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Community spirit Coronavirus

Modelling resourcefulness: exploring community responses to COVID-19

As we publish the final report in our research series on communities responding to COVID-19, the research team at the Third Sector Research Centre explore a ‘model of resourcefulness’ and the complex factors at play in community responses to the pandemic.

For the past two years, we’ve been following 26 communities in England, observing their responses to the COVID-19 pandemic. Today, we publish the final report in our research series, One pandemic, many responses: How community responses to COVID-19 developed and why they varied.

Over the course of the pandemic, all the communities have shown themselves to be resourceful within their different contexts and circumstances.

They have all developed creative solutions to the enormous and long-lasting shock that the pandemic represented, mobilising a range of resources to respond to basic community needs.

Many have also worked together to enhance individual and community wellbeing, whilst also recognising the need to address deep-seated and longer term issues such as poverty and mental ill health.

Comprehensive, strategic and inclusive responses

However, exactly how communities have responded has varied, and some communities were better placed than others to develop a full response. The strongest responses were those that were:

  • comprehensive in terms of the needs they sought to address and the activities involved
  • strategic in terms of the understanding of needs, coordination of efforts and adaptability of the response
  • inclusive in terms of who was supported and who was engaged in delivering the response.

Understanding why community responses varied is important for moving forwards, if we are to use those learnings to inform responses to future crises.

Resisting straightforward explanations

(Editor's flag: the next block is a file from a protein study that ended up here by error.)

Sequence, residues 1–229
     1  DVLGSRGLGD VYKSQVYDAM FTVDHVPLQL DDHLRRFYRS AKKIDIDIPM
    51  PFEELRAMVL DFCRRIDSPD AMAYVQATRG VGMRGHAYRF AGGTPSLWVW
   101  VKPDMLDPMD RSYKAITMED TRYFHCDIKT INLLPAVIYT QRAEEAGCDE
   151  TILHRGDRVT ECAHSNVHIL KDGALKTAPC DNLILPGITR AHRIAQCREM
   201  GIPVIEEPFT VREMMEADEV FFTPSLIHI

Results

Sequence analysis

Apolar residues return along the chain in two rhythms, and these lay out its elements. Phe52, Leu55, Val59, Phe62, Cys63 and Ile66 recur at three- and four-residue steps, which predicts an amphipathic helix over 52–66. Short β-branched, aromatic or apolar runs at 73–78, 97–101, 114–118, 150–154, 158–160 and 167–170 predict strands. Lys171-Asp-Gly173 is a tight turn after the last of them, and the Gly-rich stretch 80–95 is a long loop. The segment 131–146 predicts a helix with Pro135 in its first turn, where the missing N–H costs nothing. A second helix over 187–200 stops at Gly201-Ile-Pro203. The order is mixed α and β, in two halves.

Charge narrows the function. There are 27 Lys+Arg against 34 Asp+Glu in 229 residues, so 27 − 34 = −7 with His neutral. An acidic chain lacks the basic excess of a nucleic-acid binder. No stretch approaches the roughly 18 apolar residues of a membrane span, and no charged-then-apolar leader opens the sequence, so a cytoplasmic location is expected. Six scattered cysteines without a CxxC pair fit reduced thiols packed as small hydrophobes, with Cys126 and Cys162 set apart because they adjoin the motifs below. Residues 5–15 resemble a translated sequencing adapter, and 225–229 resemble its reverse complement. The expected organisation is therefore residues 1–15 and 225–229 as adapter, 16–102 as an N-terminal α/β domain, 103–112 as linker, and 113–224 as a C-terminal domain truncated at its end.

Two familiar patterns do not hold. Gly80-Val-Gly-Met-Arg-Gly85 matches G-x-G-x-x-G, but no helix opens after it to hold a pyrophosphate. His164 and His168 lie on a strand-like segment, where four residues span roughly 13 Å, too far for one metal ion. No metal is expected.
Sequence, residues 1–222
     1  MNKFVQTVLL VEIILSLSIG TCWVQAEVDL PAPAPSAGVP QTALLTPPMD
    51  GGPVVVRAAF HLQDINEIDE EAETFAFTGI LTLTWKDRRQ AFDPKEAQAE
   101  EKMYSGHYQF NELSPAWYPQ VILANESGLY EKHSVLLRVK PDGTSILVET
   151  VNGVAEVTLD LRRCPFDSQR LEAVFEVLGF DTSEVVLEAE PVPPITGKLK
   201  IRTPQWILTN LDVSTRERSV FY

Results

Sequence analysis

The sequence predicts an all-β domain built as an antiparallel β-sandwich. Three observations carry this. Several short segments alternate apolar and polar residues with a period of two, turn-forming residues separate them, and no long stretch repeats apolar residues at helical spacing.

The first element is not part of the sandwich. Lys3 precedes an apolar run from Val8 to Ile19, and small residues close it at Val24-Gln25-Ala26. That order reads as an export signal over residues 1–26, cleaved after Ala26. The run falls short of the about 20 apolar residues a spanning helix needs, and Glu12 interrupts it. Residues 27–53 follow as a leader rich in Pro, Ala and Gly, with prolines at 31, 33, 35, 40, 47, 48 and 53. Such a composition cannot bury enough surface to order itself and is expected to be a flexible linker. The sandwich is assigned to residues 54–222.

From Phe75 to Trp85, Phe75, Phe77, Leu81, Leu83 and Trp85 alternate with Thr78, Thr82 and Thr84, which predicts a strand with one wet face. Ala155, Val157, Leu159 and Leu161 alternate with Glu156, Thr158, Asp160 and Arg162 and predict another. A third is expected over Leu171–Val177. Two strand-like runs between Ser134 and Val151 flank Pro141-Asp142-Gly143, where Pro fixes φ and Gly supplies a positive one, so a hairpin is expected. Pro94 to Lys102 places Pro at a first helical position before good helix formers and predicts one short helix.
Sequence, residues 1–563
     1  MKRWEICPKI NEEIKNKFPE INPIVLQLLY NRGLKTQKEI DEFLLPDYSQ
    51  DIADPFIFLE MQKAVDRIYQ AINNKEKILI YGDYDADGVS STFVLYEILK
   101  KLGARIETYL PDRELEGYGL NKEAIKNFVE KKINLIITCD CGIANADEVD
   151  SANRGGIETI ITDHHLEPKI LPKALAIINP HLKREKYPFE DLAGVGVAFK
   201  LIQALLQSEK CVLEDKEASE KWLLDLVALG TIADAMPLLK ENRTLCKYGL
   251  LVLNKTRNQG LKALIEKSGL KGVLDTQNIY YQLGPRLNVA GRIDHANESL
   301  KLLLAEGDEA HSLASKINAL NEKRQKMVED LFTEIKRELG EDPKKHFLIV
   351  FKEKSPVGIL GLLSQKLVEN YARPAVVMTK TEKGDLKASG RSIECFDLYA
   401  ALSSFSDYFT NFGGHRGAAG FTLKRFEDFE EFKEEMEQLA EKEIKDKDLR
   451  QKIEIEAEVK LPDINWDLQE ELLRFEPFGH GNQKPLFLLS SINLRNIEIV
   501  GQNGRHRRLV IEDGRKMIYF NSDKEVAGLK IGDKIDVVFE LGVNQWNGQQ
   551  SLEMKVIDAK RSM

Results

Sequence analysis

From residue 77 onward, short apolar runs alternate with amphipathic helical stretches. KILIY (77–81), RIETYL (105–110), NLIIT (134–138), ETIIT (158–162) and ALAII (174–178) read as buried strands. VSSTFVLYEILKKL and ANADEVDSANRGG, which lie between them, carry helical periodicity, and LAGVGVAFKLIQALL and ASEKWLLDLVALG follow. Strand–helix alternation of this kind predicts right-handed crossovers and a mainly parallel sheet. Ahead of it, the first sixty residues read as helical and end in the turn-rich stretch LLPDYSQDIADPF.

There is a temptation to seek straightforward explanations for the differences in community responses to the pandemic. Some observers, for example, have suggested it reflects variations in levels of social capital.

Our findings provide a more nuanced understanding and what has emerged is more complex. Our research shows the differences between communities were shaped by the interaction of multiple different factors:

  1. The strength of the network of community leaders
  2. Existing community activities and the connection between them
  3. Strength of relationships with local authorities
  4. Feelings of community cohesion and identity
  5. Past and present investments in communities
  6. Having or creating physical and/or virtual spaces
  7. Levels of deprivation

None of these elements alone explained the variation in community responses, and none were mutually exclusive or static.

While the first three – community leaders, community activity and relationships with local authorities – were identified as being particularly significant, it was clear that all helped to shape how individual communities responded.

Our findings emphasise the nuance and complexity of explaining differences in how communities responded to COVID-19.

A model of resourcefulness

Our research shows that the ways in which all seven contextual elements worked together was key.

High levels of deprivation and low levels of community cohesion could, for example, work to constrain responses, but this could be mitigated by having a strong network of leaders, strong existing community activities and strong relationships with the local authority.

Together, these different elements also influenced the availability of the resources required by communities to mount a response: money, skills, time, knowledge, relationships, space, leadership and support.

When these resources were most readily available, responses were at their strongest and communities were able to deliver activities which sought to meet basic needs, to enhance individual and collective wellbeing, and to address deep-seated and longer term needs.

Together, this can be thought of as a model of resourcefulness:

Diagram showing a 'model of resourcefulness'

The ‘COVID decade’ ahead

Each of the 26 communities in our study has been deeply affected by the experience of mobilising during the pandemic – and while some have been left feeling united and powerful, many are feeling tired, unsupported and apprehensive about their future role.

This is especially the case given the prospect of a ‘COVID decade’ ahead, as the long term impact of the pandemic plays out alongside a cost of living crisis and public services struggling to get back on track.

The resourcefulness that communities have demonstrated over the last two years is unlikely to be sustainable without additional support.

With restrictions lifted and, we hope, the worst of the pandemic behind us, there is a pressing need for a more explicit conversation about who should be responsible for responding to community needs, in a context of raised expectations and squeezed resources.

Read more in-depth reports, briefings and blogs from the Communities responding to COVID-19 research study >

About the author
TSRC research team

The study into communities responding to COVID-19 was undertaken by a coalition of researchers, led by Angus McCabe at The Third Sector Research Centre (TSRC) at the University of Birmingham.